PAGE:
George Rutherglen

The Rule of Recognition in Reconstruction: A Review of Secession on Trial: The Treason Prosecution of Jefferson Davis, by Cynthia Nicoletti

PUBLISHER
Virginia Law Review
DATE
2017
 

Abstract

In this book,' Professor Cynthia Nicoletti demonstrates, through an examination of the historical record that leaves no stone unturned, that secession remained an open question after the Civil War. Victory in the Civil War had established de facto Union authority over the former Confederate states, and had made the illegality of secession a foregone conclusion, at least in the eyes of almost all observers today. Perceptions differed at the time, however, over the legal implications of military victory, and many prominent politicians, lawyers, and judges could not figure out how to translate de facto Union authority into the de jure illegality of secession. Legal theory at the time did not have the resources to absorb the implications of "trial by battle" as a necessary element of the rule of law.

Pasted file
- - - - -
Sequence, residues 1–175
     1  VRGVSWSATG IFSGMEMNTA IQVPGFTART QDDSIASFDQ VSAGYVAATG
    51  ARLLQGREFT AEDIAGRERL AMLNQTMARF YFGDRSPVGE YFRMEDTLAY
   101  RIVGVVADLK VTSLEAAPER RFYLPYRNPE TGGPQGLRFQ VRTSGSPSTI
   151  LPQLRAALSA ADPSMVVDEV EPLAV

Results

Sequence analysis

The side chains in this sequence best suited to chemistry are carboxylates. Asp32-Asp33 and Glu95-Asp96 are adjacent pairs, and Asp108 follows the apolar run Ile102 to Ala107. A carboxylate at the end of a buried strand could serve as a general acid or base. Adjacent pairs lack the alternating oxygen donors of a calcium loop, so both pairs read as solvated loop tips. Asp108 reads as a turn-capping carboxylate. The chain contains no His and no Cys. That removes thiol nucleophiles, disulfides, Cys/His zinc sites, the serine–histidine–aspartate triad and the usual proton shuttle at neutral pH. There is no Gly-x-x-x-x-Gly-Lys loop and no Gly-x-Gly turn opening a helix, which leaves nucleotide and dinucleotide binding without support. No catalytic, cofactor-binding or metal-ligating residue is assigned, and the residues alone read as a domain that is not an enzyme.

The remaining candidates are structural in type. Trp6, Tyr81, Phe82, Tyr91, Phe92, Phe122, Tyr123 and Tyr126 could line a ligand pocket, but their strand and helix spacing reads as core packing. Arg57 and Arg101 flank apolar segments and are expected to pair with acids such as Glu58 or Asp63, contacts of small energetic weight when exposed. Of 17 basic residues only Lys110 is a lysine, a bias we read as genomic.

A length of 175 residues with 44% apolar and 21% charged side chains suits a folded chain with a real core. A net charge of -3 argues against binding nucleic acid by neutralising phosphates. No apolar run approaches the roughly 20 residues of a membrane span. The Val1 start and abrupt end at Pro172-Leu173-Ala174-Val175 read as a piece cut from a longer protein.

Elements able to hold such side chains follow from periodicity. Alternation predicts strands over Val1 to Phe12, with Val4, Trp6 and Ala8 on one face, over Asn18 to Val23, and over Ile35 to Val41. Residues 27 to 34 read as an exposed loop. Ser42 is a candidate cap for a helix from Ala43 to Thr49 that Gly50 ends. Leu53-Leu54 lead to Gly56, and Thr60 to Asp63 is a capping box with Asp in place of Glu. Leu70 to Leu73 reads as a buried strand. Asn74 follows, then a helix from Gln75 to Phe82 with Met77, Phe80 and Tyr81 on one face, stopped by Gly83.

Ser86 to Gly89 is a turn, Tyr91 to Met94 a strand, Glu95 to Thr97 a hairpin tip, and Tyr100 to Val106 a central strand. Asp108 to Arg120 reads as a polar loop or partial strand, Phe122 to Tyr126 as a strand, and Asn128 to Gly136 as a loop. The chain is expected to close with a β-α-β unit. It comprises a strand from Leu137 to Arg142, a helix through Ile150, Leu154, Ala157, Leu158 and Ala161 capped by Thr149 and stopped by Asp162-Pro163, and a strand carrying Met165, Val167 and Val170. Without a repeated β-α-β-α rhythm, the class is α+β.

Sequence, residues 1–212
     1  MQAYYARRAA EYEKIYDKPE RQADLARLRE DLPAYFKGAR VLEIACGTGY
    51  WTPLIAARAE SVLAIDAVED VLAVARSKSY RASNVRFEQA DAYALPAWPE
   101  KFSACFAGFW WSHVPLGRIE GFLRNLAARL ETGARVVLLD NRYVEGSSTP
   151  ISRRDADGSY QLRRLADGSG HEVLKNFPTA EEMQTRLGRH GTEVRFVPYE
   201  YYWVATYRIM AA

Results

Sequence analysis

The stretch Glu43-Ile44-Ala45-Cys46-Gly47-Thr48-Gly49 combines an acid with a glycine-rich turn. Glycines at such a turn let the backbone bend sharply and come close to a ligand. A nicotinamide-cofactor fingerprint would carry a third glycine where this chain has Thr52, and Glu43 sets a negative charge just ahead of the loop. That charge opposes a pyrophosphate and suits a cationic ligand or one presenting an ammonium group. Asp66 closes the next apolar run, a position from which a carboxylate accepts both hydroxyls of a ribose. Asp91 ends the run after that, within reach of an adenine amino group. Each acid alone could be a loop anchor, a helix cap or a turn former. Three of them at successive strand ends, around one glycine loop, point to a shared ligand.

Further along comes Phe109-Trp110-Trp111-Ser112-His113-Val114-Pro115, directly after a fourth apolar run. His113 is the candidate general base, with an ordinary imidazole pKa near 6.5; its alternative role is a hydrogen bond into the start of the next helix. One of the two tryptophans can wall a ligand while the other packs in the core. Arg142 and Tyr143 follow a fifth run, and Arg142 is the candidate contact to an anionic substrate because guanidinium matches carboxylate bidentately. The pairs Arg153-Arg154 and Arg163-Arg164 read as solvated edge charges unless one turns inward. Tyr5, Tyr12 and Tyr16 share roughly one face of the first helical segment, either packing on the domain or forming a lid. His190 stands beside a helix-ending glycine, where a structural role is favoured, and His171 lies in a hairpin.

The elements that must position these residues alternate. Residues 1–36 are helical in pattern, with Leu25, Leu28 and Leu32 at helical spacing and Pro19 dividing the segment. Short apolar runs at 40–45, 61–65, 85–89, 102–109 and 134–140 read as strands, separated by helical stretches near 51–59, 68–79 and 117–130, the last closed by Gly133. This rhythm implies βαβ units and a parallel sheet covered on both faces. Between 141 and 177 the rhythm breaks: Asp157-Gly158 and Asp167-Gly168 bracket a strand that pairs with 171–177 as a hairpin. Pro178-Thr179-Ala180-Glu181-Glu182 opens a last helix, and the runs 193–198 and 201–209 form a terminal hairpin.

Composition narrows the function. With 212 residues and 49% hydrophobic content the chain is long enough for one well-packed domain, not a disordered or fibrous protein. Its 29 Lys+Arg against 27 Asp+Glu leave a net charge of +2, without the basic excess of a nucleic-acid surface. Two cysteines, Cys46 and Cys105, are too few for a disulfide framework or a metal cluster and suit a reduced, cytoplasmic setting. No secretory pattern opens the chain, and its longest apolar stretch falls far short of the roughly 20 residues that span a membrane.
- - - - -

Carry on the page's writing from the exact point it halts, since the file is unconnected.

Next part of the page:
Nicoletti recounts all this in a dramatic account of the treason prosecution of Confederate President Jefferson Davis that proceeds simultaneously at two extremes: practical tactics in litigation and high principles of constitutional law. Delay, deception, and encoded communications with his client formed the core of Charles O'Conor's strategy in defending Davis. Nicoletti brings O'Conor back to life as one of the leading lawyers of his generation, who nevertheless held irredeemably racist and secessionist views.

 

Citation

George Rutherglen, The Rule of Recognition in Reconstruction: A Review of Secession on Trial: The Treason Prosecution of Jefferson Davis, by Cynthia Nicoletti, 103 Virginia Law Review 72-94 (2017).
 

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